The WHO’s new guidelines on mental health: what you need to know

Geneva / Switzerland - February 23, 2020: sign and logo of The W

The publishing of the World Health Organisation (WHO)’s new guidelines on mental health at work, in September, marked a seminal moment because they make clear, beyond doubt, of the indisputable link between mental health and work.

They also make clear that, currently, companies whose wellbeing efforts have focused predominantly on the individual – rather than looking at the whole culture and the modus operandi – are not doing enough. They serve as a call to action to the global business community to do more to ensure that work enhances, rather than damages, people’s mental health, with much evidence-based guidance on how to do this.

While the guidelines are not legal requirements they will certainly help companies to fulfil their legal obligations, as set out by the HSE and other national regulating bodies across the globe.

Jo Yarker’s company – Affinity Health at Work, where she is a Managing Partner- was invited to do some research to underpin the guidelines, so we caught up with her to highlight the most important points for employers to be aware of.

Is there anything that struck you as different about these new WHO guidelines compared to what has come before?

One thing that makes them quite different to other guidelines that employers will be familiar with is that they take account of what is important for workers across the globe. When we look through a UK lens, like the Thrive At Work standards, they are very much about what is important from a first world organisation viewpoint. The WHO is an international body, and these guidelines are developed for organisations across the world, considering not only what is important in developed countries but also in the developing world, which is obviously very relevant if you’re a global company.

Another thing that is interesting about this guidance is that it is encouraging us to move beyond awareness and beyond the individual experience of mental health. It places a firm emphasis on the contextual factors, those things in the organisation that we can practically change and attend to in order to make work better for people, who have mental health concerns but also to protect the workforce generally by promoting good mental health practices.

So, would it be fair to say that there’s a shift in responsibility from purely on the individual to the employer?

Yes and no. There has always been a responsibility for the employer to protect and promote mental health in the same way that they have a responsibility for physical health. These guidelines place a focus on psychosocial risks at work. Traditionally, when we think about mental health it’s been about the experience of the individual and how employers can support them to manage their own mental health. This is a shift from that to looking at the psychosocial risks in the work environment, how does work need to be designed and manged to protect and promote mental heatlh.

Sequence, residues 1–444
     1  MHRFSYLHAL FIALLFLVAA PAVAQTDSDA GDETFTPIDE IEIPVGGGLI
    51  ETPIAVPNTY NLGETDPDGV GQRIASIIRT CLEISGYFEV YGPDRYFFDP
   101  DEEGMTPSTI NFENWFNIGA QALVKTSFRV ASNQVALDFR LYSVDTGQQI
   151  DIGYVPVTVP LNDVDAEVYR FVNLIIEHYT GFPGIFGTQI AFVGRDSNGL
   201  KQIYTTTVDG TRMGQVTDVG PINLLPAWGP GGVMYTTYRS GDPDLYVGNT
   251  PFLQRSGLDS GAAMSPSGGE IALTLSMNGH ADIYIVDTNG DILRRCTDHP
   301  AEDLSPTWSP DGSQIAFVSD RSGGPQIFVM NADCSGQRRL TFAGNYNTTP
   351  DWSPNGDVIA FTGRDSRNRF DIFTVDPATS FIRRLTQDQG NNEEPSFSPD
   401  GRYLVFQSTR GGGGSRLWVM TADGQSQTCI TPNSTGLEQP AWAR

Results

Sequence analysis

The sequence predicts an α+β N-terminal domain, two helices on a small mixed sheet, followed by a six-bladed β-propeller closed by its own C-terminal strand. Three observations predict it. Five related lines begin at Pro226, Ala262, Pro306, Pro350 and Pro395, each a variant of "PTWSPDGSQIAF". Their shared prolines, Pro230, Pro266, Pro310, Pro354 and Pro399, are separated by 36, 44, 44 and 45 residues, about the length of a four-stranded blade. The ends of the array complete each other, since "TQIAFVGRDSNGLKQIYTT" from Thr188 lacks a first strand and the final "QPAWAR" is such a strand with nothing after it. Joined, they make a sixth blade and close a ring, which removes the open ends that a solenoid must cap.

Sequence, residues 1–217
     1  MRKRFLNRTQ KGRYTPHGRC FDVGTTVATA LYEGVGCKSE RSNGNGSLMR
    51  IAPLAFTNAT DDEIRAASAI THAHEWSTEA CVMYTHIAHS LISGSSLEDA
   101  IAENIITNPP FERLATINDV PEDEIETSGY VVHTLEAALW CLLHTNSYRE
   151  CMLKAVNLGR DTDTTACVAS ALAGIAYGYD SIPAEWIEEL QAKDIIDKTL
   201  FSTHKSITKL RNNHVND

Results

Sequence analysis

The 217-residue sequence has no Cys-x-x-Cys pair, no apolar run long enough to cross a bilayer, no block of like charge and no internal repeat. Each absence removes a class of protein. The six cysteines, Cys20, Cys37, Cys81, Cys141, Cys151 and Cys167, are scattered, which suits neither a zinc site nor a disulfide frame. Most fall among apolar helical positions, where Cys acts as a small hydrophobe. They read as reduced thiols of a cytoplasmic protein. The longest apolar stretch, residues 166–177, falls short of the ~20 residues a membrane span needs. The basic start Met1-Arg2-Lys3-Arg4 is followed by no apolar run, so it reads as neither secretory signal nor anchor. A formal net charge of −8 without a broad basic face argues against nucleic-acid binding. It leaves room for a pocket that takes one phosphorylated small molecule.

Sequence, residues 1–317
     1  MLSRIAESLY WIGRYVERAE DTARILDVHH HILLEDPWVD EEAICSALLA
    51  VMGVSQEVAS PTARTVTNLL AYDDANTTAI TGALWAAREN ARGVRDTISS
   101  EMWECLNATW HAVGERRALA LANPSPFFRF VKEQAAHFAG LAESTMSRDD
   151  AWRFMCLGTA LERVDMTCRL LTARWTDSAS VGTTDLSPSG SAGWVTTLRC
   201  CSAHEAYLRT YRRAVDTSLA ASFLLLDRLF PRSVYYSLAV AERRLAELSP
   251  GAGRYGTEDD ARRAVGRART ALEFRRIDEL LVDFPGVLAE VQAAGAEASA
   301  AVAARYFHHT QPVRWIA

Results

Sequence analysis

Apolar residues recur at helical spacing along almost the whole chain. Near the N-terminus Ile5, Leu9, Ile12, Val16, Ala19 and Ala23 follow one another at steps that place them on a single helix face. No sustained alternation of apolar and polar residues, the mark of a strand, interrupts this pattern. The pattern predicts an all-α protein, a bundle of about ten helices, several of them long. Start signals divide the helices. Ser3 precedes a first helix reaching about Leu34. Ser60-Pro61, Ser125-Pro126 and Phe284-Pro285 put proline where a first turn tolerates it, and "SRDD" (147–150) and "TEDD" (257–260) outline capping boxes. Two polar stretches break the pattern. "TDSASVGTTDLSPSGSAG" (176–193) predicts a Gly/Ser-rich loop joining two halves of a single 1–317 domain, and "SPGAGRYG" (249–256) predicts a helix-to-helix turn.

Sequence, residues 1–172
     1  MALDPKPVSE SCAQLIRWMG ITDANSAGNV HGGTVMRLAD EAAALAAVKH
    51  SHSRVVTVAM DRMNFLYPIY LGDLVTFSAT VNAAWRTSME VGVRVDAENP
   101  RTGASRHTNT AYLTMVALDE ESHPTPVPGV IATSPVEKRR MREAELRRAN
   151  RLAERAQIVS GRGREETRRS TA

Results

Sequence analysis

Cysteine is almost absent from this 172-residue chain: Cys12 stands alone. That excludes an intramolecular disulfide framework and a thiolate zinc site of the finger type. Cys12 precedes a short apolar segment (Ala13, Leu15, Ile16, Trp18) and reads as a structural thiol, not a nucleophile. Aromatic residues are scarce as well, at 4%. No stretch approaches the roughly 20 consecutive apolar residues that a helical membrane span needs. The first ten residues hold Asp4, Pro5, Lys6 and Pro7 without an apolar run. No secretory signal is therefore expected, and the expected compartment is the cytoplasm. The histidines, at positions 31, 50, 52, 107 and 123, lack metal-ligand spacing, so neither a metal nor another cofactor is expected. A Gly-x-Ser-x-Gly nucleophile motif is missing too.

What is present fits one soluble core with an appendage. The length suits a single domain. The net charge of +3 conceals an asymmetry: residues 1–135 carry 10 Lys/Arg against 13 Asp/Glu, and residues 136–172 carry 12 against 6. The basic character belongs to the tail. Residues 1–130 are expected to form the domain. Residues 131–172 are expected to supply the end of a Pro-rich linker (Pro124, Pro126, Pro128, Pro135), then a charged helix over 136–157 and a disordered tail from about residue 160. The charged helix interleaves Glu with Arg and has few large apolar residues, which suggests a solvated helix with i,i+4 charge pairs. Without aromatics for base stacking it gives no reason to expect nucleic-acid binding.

The key thing here is the need to think about and identify psychosocial risk, identifying the challenges and addressing these risks through job redesign and consultation. It pivots our understanding from mental health interventions, for example, being ‘here’s a digital app to help you with your mental health’ to intervention being about talking together about how we work better and differently.

This is a very important shift because, no matter how much support we have as an individual, if our work is designed badly – if we have limited control over our work, or the.pace of change is not manageable – we’re not going to be able to improve our mental health. And, even if we have strategies to think differently, if we have toxic relationships or unmanageable workloads, we’re still going to suffer.

What are psychosocial risks?

They are our psychological and social risk factors in the workplace. They arise when our work is designed and managed badly. Broadly these refer to our job demands, the control we have over our work, work relationships, the way change is managed, and so on. The guidelines really put a sharp focus on psychosocial risk factors and what organisations should have in place, such as monitoring of risks and line manager training .

How easy is it to measure psychosocial risk?

It is much easier than it sounds, but we just have to ask the right questions. So, rather than asking people how they’re feeling, we want to be asking employees about specific aspects of their job and its demands. For instance, you’d want to know things like is their workload manageable, how often are they working over hours, do they have the right technology to do the job that is expected of them. Or does their line manager take accountability, do they distribute work fairly.

You could use a general framework – like the HSE Management Standards – or, what we do at Affinity, is we use a bespoke approach. We do this because if we ask people about specific psychosocial risks in their environment, we’re can target our action and our solutions much more quickly and in a more focused way.

I know it’s a big question, but do you think you can sum up the key points for employers to take note of in these new guidelines?

The guidance is set around six key areas of recommendations: for organisational interventions, for training managers, for training workers, for individual interventions, for returning to work after absence associated with mental health conditions and for gaining employment for people living with mental health conditions. The easiest way to pull out highlights would be to take each area one at a time.

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  • for organisational interventions